From discussions about the dark and light sides of dragon-riding to flaming swords and blindfolded displays of faith, Dragon keeps offering up moments that hearken back to a certain other fantasy franchise taking place in a galaxy far, far away. If that climactic struggle with a hulking winged behemoth in the first film called to mind Star Wars: A New Hope’s rally against the Death Star, then the sequel will fill fans with memories of Empire Strikes Back, complete with a frozen ice realm, towering marauder beasts, surprises involving lost parents and a decidedly increased sense of danger and darkness. At times, all this event threatens to drown the movie in spectacle, but DeBlois navigates the tricky tropes of the genre and comes out on top with his characters and adventure intact.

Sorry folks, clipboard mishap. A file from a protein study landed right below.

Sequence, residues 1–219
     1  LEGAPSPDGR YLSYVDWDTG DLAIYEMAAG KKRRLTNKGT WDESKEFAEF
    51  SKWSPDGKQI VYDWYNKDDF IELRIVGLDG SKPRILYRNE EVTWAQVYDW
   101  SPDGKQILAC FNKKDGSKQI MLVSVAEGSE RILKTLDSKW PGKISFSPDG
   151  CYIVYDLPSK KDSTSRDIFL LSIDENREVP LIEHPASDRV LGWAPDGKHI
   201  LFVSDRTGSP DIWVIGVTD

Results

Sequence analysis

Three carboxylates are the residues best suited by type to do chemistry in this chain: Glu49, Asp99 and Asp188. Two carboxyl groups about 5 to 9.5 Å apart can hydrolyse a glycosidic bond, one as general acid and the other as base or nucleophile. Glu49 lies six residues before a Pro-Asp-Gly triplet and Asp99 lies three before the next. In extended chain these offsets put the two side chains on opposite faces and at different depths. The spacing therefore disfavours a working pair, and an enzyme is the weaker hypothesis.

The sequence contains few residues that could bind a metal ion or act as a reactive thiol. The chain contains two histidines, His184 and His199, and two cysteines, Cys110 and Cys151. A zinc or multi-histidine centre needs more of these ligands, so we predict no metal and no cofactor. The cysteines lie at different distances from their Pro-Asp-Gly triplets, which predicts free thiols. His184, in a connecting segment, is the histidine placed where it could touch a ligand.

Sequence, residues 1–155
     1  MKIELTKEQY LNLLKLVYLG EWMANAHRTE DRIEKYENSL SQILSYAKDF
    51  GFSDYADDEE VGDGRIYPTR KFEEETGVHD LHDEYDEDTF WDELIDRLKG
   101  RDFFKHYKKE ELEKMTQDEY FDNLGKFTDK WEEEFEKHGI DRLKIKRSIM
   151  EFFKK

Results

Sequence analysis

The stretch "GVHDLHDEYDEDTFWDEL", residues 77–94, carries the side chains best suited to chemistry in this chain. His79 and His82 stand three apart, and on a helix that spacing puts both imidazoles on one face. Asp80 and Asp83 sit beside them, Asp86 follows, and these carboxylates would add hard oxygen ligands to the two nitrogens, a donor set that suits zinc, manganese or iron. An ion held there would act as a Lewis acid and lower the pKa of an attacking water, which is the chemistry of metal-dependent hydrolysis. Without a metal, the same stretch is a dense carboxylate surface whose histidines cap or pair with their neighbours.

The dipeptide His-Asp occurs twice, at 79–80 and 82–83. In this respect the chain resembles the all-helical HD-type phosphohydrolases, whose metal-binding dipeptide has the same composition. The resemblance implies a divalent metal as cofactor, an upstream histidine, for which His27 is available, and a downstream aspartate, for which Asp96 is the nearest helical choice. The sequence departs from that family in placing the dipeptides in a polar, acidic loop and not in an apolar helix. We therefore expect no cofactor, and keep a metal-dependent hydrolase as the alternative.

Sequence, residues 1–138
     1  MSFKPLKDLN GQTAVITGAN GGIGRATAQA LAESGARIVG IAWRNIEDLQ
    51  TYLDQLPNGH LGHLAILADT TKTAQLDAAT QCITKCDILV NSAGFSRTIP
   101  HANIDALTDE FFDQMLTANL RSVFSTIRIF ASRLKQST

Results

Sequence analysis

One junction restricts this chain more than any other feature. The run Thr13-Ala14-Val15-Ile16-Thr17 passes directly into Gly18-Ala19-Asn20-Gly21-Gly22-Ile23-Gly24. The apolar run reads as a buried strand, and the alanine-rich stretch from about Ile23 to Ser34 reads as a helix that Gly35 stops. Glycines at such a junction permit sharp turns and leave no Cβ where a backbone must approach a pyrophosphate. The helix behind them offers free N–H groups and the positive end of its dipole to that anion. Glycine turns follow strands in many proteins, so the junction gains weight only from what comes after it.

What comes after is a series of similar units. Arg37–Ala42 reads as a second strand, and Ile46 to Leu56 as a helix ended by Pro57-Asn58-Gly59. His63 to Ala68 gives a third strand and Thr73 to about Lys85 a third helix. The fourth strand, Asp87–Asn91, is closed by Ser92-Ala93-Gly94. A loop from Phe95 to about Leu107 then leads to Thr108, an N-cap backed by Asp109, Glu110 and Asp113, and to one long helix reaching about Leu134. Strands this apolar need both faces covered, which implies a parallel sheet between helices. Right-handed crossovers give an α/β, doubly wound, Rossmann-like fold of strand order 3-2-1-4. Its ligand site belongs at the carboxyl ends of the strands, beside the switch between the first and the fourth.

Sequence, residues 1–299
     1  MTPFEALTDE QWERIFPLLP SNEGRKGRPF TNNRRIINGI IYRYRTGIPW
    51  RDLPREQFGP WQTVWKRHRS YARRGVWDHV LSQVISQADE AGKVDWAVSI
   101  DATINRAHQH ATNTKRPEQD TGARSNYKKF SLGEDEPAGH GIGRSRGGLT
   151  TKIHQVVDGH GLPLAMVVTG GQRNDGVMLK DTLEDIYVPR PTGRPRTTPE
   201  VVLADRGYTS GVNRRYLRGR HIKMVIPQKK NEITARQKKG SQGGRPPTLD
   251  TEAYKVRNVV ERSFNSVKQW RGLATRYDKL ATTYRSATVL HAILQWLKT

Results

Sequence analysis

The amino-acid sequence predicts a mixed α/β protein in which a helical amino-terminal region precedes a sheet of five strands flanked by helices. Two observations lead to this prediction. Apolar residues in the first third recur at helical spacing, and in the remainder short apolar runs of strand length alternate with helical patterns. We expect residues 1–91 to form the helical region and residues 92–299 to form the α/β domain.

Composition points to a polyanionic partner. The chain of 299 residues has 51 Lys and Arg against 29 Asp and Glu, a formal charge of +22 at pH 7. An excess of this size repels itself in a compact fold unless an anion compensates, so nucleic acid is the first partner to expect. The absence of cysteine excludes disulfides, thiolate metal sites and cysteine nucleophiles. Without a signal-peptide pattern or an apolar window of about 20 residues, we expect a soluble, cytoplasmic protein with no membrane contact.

What continues to set Dragon apart from the current crop of American animated pictures is the careful and fastidious devotion to world-building. The visual element of the film is, simply put, jaw-dropping and the filmmakers have truly delivered the kind of movie that could only be achieved through the freedom of animation. The dragon flying scenes retain that giddy sense of innovation and kinetic motion, but they also make use of an exaggerated sense of space and momentum. They don’t simply feel like looping roller-coaster rides but plummets through a real, thriving world of icy mountains, frothing seas and harrowing hurtles past massive jaws of dagger-sharp teeth.